Wednesday, October 7, 2009

Unwholecloth Challenge

I did finished (tardily) my entry in this month's guild challenge, and my long-suffering guildpals were gracious enough to let me turn it in late. So here are some pics of my entry, Chimera's Window:





The light in the garage plus my camera didn't want to pick up the stitching, so I snapped this shot to show a little of it:



And finally, my inspiration -- the not quite as colorful panes of my garage window:



Each "pane" of the quilt was made of two 13" X 9" pieces of batik fabric sandwiched together with batting, pinned, and then freehand-quilted. I didn't worry about marking or making a specific pattern with my stitches; I just followed some of the lines made on the cloth by the dye/discharge process.

Once I had quilting all six panels, I attached them to each other using black single fold bias tape, narrow between the panes and a wider strip down the middle. I also used the leftover wide bias to bind the edges.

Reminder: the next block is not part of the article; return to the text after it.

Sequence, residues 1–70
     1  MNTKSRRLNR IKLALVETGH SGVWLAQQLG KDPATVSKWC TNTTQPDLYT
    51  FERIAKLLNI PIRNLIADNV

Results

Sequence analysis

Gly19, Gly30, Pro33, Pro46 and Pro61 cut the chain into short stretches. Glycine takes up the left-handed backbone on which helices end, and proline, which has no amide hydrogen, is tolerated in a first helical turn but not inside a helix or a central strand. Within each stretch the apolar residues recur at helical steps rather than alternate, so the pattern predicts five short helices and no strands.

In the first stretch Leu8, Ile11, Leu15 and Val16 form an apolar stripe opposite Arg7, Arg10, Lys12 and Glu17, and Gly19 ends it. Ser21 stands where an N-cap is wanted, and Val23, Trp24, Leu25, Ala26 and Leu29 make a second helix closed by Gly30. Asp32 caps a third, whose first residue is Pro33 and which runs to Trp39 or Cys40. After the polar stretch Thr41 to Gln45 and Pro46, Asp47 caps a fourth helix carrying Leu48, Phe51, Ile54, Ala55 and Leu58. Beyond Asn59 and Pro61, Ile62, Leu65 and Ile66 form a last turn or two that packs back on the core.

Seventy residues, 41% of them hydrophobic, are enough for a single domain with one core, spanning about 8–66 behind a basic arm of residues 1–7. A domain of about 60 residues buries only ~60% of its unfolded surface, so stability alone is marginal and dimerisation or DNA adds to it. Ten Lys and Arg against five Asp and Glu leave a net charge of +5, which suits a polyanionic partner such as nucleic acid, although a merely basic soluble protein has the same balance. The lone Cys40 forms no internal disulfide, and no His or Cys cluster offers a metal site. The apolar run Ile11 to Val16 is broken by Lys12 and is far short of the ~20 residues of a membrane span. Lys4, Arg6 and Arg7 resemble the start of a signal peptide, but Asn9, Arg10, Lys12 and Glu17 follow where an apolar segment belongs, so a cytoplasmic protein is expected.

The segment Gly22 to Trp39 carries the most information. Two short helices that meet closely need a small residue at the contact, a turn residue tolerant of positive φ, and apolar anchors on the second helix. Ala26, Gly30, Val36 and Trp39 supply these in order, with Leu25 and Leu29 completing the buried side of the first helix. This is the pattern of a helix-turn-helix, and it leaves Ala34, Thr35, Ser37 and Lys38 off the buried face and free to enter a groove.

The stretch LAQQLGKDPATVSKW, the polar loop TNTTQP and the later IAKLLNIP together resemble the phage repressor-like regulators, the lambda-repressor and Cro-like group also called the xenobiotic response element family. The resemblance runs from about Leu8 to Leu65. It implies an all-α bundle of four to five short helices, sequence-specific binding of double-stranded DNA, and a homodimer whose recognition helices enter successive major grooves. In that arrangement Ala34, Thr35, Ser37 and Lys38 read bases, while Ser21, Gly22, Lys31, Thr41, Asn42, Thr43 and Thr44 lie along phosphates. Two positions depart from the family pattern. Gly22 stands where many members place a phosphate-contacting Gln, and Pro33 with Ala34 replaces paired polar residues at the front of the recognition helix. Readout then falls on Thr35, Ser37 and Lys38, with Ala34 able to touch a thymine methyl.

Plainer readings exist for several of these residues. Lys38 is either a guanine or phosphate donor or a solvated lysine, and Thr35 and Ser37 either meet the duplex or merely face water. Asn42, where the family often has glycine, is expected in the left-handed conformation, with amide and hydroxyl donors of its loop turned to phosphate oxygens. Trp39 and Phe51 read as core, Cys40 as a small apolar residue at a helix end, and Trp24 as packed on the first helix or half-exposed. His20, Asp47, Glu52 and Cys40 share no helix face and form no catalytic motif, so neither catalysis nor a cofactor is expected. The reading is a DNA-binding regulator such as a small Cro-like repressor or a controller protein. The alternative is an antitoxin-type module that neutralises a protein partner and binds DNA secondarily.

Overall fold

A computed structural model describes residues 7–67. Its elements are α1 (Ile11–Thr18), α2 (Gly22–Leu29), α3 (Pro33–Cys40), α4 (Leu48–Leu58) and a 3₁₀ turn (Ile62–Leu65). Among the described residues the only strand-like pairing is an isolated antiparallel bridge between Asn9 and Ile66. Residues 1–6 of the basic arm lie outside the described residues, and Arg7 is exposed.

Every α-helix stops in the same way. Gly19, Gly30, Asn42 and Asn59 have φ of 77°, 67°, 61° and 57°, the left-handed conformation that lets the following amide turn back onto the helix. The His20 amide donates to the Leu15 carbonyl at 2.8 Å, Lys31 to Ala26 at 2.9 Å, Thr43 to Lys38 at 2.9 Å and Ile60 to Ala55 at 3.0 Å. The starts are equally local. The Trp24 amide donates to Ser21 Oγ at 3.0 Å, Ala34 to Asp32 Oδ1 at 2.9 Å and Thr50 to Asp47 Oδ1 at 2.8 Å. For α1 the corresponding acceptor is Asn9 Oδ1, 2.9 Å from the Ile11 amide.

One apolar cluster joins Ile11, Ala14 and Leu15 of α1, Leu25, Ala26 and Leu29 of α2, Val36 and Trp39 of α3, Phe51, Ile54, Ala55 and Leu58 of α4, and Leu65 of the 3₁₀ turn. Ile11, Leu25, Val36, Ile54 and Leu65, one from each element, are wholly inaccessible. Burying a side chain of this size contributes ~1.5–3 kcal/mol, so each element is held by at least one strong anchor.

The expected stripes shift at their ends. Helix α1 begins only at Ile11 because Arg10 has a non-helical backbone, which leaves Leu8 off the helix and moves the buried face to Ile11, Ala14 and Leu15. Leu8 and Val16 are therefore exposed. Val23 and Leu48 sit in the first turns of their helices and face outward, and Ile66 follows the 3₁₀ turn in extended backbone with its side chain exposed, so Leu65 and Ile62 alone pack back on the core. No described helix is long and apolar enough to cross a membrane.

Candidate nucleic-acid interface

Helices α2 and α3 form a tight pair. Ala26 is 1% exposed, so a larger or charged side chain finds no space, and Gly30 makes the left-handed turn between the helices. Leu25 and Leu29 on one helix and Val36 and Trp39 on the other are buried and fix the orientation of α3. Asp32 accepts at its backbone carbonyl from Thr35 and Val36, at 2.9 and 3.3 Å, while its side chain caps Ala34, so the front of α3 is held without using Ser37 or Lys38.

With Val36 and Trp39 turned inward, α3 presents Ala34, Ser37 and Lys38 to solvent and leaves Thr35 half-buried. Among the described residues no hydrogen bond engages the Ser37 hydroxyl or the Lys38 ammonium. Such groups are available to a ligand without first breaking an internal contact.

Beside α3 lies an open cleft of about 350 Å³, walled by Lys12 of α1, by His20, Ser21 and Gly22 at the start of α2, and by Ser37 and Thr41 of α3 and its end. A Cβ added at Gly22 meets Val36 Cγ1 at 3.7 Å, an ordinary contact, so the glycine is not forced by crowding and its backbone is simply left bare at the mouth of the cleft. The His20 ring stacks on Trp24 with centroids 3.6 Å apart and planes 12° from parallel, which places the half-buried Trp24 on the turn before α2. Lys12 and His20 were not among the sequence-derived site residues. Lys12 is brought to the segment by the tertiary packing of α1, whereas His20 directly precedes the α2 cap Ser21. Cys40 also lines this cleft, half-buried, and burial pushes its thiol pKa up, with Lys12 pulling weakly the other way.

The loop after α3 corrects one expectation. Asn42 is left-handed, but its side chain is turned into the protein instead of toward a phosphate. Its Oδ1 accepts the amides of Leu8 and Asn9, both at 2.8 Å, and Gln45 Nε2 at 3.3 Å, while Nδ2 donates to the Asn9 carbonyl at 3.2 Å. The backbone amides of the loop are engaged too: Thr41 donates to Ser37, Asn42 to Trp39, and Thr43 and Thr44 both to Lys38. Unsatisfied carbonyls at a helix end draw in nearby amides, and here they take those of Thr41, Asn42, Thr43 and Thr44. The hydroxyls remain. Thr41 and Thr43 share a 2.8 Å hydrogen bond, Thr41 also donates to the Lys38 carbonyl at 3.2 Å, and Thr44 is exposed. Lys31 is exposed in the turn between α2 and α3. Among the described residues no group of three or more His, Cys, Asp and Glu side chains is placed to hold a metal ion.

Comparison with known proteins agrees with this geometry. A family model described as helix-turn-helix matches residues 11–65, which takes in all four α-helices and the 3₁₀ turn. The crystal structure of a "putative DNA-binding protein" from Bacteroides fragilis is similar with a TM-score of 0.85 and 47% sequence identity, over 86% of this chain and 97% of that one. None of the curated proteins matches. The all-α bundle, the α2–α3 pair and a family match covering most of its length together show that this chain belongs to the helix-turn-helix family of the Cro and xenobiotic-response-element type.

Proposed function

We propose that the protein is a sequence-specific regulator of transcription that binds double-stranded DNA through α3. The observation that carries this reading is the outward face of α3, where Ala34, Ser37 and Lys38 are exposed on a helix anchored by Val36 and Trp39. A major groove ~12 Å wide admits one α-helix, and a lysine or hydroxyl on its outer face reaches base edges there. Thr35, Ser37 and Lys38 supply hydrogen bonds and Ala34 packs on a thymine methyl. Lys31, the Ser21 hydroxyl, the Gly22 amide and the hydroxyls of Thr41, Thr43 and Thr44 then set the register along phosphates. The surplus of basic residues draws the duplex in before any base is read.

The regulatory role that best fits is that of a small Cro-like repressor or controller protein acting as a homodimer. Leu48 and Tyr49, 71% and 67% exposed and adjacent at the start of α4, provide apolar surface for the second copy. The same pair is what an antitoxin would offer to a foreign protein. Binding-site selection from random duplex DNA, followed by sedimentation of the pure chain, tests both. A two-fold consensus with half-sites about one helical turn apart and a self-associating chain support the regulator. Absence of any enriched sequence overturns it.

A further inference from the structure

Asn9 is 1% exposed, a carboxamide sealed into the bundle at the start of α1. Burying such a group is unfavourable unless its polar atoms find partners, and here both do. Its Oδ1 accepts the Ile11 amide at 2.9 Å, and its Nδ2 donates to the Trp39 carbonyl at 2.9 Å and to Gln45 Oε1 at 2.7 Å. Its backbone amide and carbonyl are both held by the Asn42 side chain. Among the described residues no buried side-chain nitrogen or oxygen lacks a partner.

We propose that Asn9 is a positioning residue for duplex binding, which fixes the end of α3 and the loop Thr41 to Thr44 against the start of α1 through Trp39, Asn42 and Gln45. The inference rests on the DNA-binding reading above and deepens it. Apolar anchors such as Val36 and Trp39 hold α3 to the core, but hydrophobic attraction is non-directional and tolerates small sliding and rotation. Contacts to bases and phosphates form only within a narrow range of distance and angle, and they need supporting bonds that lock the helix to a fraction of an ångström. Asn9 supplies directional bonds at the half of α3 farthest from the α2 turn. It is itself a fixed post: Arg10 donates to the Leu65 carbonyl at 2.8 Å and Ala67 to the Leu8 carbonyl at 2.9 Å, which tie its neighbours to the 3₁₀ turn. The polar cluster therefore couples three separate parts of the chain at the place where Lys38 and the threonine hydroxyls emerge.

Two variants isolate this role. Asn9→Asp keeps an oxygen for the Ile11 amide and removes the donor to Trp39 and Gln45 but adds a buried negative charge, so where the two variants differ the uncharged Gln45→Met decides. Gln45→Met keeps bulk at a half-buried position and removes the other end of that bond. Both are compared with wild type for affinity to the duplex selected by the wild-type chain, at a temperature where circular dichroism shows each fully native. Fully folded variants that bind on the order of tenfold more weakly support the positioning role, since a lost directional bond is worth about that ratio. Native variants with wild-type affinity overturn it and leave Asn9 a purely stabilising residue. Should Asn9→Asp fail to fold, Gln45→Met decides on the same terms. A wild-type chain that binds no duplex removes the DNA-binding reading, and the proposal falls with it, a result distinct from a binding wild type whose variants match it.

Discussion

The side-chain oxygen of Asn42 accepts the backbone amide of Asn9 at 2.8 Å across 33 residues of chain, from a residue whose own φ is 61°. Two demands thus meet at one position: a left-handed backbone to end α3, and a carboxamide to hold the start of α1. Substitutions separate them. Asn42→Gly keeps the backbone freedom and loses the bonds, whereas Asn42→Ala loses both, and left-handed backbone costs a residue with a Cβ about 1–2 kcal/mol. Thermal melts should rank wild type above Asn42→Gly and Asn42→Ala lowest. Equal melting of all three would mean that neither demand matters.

Problems with this project: I measured and marked all my seam allowances, but after quilting the panels I didn't remeasure them to match up the front and back bias tape applique, which out of laziness I eyeballed. The result skewered the panels 1/16" off in a front section and 1/8" off in the back. I didn't press each panel after I did a spare one as a test; to me the piece looked better with a little puffiness to it. I also didn't prewash the bias (Wright's, pre-packaged) to save time, and it was stiff as hell to work with; next time, I'm cutting and making my own.

I had three yards of bias tape leftover, so I pinned it around the piece and fold-mitered the corners instead of cutting and sewing them. Again, laziness, but I happen to be good at it so it looks cut & sewn, and I ended up with only one seam to join on the bias, the look of which frankly I like better on small pieces like this.

I know I could have done better with my fabric selections for the back of the piece. The four predominantly yellow-green and two red-green pieces don't look as cohesive as the front, and a wholecloth quilt should be completely reversible.